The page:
Seriously? I can't recall ANY instance of that or of Hawkeye getting a nurse drunk to get in her pants. But am I misremembering things?

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My memory is that women were really attracted to him. There was one episode where he backed off because the woman was wearing a wedding ring and she said she wore it to ward off unwanted advances.

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I loved Charles too. Unlike Frank he had more sides to him then just the one. He was snobby, but also could be very kind, and he really was a competent doctor. I liked his friendship with Margaret. Quietly sending food to the orphanage and his remark when he learned that had been sold about supper being first. His pain at seeing the musicians dead at the end of the war and saying that he played music to get away the war and now it would always remind him of it. His reaction to the stutter and learning his sister stuttered. Wanting to know what death was like. Telling Hawkeye that he had father and Hawkeye had a dad. Trying to help get the orphan baby to the U.S. He was such a great character. One part that doesn't really have any to do with him was learning how much his parents hit it off with Radar's mother and uncle. It was so surprising and really kind of cool.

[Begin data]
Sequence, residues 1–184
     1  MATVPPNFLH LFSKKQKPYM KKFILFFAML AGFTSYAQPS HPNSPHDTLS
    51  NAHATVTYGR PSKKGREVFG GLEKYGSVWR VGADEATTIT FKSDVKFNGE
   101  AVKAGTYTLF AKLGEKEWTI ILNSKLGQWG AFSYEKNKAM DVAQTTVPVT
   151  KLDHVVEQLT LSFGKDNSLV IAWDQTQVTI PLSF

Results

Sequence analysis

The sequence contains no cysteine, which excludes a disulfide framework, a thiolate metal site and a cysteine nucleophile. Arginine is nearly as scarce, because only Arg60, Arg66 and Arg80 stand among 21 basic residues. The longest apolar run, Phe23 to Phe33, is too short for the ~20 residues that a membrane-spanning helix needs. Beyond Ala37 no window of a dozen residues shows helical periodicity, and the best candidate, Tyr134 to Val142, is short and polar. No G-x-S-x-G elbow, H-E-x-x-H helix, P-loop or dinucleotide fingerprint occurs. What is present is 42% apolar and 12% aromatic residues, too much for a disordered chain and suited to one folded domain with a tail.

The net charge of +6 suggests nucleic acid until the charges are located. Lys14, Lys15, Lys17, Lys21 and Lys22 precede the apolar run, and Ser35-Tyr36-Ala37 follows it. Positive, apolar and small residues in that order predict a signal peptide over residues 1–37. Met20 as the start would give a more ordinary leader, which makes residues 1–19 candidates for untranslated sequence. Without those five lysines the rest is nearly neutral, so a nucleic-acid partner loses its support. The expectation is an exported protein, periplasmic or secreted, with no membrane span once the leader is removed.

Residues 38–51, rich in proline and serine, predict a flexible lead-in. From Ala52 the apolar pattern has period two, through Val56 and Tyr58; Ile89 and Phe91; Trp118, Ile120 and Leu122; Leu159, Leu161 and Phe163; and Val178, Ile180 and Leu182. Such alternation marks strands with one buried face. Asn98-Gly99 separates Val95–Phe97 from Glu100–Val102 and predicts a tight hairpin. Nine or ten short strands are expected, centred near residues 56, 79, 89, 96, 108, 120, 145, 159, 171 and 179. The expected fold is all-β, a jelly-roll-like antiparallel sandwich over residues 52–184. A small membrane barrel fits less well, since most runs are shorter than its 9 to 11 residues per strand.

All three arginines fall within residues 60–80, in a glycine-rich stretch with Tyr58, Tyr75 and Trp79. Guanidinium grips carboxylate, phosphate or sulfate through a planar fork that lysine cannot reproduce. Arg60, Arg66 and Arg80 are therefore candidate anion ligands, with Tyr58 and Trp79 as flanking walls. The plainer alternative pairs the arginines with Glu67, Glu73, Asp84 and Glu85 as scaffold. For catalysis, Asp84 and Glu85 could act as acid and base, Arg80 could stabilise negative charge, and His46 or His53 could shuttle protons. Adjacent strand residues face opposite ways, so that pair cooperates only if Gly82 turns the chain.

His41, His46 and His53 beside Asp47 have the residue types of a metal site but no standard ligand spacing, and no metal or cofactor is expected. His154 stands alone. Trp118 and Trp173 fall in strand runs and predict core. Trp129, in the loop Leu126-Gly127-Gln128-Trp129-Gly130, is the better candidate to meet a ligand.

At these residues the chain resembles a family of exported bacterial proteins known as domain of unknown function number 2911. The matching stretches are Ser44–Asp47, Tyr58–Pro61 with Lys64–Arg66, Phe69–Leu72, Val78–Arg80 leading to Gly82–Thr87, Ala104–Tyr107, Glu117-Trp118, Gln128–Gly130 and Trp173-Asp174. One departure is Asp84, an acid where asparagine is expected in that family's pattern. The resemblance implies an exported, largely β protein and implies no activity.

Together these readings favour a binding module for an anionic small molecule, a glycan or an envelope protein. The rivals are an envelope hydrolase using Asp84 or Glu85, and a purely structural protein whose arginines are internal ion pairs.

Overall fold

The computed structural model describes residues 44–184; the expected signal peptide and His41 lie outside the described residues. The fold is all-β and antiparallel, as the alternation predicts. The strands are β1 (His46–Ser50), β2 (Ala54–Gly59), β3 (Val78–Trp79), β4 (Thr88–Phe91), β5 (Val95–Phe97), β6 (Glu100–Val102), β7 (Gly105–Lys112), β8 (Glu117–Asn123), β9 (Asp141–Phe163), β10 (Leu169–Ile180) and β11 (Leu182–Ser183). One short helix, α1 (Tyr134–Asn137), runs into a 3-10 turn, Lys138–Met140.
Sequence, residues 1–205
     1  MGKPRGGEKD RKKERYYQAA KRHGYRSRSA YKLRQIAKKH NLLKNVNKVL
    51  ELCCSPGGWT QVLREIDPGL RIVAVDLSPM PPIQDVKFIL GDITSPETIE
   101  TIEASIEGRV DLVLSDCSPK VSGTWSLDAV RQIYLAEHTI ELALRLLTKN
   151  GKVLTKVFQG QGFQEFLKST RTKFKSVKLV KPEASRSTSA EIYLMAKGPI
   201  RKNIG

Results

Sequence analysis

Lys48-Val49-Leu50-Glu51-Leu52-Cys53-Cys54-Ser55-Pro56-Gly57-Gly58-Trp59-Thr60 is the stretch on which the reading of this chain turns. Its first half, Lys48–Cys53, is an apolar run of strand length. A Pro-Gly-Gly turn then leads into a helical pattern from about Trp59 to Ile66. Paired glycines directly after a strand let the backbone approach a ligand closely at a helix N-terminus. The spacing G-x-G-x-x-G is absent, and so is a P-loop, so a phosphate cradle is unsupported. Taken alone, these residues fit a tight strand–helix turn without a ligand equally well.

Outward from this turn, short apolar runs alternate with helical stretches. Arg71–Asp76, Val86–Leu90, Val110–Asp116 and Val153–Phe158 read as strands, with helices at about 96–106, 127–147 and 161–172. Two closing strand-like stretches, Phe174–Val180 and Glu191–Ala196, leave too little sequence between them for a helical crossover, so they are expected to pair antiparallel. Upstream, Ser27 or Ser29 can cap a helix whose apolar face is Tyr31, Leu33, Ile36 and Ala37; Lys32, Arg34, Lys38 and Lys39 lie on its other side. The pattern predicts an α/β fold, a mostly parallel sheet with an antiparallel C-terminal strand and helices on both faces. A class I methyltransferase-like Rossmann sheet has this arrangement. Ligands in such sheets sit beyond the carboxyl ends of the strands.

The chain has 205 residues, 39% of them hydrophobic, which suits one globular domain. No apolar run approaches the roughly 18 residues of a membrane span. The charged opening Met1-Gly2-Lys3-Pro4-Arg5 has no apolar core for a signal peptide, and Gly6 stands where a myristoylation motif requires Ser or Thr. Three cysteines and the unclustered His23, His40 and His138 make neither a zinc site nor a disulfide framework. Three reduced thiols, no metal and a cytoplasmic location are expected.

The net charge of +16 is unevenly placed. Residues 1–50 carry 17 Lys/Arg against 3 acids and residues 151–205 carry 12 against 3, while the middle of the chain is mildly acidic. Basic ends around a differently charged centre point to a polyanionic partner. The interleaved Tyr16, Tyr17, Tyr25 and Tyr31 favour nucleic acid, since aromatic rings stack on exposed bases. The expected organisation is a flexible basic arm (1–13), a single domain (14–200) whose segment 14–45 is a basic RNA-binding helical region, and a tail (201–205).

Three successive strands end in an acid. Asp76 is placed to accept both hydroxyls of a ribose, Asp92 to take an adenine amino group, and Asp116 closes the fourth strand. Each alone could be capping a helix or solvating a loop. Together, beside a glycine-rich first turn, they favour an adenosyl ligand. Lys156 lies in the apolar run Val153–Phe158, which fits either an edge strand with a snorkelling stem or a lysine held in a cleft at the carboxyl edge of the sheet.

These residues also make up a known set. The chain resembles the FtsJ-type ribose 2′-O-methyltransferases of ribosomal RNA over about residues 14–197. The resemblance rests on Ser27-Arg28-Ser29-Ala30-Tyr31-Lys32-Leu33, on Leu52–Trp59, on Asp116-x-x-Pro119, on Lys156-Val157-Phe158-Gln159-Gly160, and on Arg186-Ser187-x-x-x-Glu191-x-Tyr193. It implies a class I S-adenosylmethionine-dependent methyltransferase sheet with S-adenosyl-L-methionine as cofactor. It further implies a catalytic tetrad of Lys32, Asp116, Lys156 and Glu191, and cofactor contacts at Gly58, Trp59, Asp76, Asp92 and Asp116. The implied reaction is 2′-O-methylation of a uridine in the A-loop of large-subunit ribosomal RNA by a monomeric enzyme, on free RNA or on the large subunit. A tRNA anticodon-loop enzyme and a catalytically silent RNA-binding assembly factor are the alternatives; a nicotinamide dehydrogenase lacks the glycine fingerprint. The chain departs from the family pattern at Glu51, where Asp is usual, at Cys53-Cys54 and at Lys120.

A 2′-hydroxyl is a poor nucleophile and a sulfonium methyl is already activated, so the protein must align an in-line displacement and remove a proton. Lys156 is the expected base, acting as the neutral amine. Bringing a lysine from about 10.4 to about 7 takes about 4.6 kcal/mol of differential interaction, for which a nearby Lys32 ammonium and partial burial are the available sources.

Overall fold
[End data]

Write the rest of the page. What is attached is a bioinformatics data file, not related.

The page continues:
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I’ve been watching MASH a lot lately in reruns, and while Hawkeye is persistent in his pursuit of women, when they say no, he does back off.  It seems like they all have his number — and in some of the earlier ones, he’s somewhat monogamous with recurring characters.